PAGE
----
School Budget Situation Goes From Bad To ‘Bleak’

The budget situation for school districts appears to have gone from bad to worse. Or, as Fulton Superintendent of Schools Bill Lynch put it: “Bleak.”

Lynch and other school superintendents are in the midst of planning budgets for the next school year. Those budgets will be voted on in May, during the annual statewide school budget voting day.

Some of the planning is, in fact, educated guesswork. Because there’s no guarantee that the state Legislature will approve a budget by the April 1 deadline — just 6 weeks before the school budget vote — districts are often forced to guess at how much state aid will fill their budgets. The guesswork is helped by guidance from the state Education Department and from state legislators, but it’s a guess nonetheless.

“We’re trying to put together a fiscally responsible budget,” Lynch said. “But we’re also working with a lot of unknowns.”

Until now, Fulton officials have worked on the assumption that aid to the district from the state will be about the same in the 2010-11 school year as it is this year. Combined with an expectation of lower aid from the federal government, sharply higher state retirement fund costs and higher costs for salaries and benefits, early drafts of the budget have shown a need for significant increases in the tax levy.

The most recent working draft of the budget requires a tax increase of just under 7%. District officials said two weeks ago when this draft was discussed that an increase of that size was unacceptable and significant cuts would have to be made to bring down the tax hike.

Over the weekend, however, things changed. School officials from around the region met in Onondaga County Saturday for a breakfast meeting with their state legislators. At the same time, a publication sent to school board members arrived, containing a commentary from the leader of Democrats in the state Legislature, Sheldon Silver. The message from both was clear: Expect cuts in state aid to schools.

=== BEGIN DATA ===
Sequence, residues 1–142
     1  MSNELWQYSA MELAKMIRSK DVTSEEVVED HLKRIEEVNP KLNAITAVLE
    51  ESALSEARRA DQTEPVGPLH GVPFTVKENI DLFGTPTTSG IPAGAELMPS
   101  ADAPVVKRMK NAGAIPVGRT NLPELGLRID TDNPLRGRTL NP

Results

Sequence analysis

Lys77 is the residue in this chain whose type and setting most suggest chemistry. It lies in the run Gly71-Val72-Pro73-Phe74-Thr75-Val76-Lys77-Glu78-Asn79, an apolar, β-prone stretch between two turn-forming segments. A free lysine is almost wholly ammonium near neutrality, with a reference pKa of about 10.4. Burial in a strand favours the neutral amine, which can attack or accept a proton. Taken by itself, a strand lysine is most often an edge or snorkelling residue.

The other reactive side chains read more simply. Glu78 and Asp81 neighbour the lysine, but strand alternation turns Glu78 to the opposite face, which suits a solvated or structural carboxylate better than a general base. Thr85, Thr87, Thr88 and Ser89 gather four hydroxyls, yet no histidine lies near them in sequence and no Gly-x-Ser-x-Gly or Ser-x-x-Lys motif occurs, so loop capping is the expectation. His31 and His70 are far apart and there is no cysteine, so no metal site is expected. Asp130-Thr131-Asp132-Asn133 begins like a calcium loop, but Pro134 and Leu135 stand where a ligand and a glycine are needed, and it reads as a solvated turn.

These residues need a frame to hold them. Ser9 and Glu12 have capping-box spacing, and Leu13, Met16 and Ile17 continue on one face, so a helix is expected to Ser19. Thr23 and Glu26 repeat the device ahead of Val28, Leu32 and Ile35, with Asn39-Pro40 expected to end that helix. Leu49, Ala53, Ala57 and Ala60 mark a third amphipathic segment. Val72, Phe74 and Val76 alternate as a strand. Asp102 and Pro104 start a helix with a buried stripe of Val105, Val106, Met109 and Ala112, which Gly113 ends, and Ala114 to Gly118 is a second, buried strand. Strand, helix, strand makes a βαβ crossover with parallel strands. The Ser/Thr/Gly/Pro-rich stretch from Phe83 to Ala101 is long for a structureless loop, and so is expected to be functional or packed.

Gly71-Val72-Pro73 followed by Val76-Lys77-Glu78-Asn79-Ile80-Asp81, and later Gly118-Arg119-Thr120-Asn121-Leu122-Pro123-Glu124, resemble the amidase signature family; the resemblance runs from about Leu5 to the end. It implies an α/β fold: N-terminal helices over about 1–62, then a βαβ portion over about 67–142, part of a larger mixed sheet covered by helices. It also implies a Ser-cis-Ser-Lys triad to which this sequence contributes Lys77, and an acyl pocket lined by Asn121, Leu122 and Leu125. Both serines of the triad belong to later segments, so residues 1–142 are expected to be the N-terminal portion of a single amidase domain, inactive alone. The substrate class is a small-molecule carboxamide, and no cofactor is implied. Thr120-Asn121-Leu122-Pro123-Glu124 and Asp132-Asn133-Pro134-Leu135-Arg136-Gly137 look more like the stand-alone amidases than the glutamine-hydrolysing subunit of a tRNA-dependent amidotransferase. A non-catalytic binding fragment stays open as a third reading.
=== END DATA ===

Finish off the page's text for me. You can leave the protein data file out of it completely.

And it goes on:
“It’s not a surprise, but it’s rather troubling,” said Lynch.

He said districts have not been given specifics about the size of cuts. “We’ll have to be patient,” Lynch said. He expects that any cut in aid this year will stay in place for the following year.

At the same time, Board of Education vice president Robbin Griffin met with federal officials as part of a lobbying trip on behalf of the district.

“I didn’t come away feeling there was much to hope for in terms of federal support,” Griffin said.

The new federal aid program called Race To The Top is based on grant applications and the amount of money available for the entire country is fairly small, she said. She does not expect New York State schools to see much of that money, at least in the first round of grants, which will cover all of the upcoming school year.

“It’s not the answer” to the district’s financial issues, she said.

1 Comment

  1. Now is the wake up call, too many Schools not enough students the time is now to consolidate close a building. If Liverpool can close one building and save 1.6 million dollars how much can we save? We need to face the reality the time is here all of our elementary schools are well beloew capicty 525 stuendts in a building that was built to house 700 before two additions were added. Barely 400 students in a school that was built to house 600. The answers are staring us right in the face. We may not want to but now is the time to do it or at least bring it up and look at the numbers.

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